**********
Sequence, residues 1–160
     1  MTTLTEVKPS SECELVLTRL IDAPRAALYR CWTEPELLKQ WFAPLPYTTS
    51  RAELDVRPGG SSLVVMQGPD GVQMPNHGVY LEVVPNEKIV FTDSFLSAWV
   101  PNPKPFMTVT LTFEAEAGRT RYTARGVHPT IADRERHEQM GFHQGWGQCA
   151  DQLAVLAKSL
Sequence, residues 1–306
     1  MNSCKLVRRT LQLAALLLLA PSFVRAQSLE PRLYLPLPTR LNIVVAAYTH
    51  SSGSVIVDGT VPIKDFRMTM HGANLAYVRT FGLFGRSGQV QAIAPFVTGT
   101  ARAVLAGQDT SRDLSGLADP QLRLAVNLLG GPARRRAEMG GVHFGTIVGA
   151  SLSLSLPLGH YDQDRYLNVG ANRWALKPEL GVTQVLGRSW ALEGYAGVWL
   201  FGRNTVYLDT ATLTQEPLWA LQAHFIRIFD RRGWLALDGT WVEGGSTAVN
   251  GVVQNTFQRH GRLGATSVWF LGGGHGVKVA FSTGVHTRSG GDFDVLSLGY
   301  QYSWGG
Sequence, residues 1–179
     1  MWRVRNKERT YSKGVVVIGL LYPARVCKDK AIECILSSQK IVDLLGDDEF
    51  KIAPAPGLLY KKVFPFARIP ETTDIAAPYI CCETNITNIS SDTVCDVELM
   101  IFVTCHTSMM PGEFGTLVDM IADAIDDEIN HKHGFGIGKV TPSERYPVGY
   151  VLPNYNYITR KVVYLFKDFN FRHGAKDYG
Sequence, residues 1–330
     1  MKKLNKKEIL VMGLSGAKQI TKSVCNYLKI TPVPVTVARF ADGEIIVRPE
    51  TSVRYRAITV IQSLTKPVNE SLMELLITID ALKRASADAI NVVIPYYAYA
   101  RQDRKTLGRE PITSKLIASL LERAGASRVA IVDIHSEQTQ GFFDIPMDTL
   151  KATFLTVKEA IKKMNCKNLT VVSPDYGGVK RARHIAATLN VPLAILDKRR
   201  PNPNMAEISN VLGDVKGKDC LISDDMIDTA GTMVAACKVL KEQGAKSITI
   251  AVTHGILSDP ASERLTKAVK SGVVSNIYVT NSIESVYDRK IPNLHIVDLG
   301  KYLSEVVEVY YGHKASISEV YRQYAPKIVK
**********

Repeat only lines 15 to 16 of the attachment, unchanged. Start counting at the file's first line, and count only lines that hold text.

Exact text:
     1  MWRVRNKERT YSKGVVVIGL LYPARVCKDK AIECILSSQK IVDLLGDDEF
    51  KIAPAPGLLY KKVFPFARIP ETTDIAAPYI CCETNITNIS SDTVCDVELM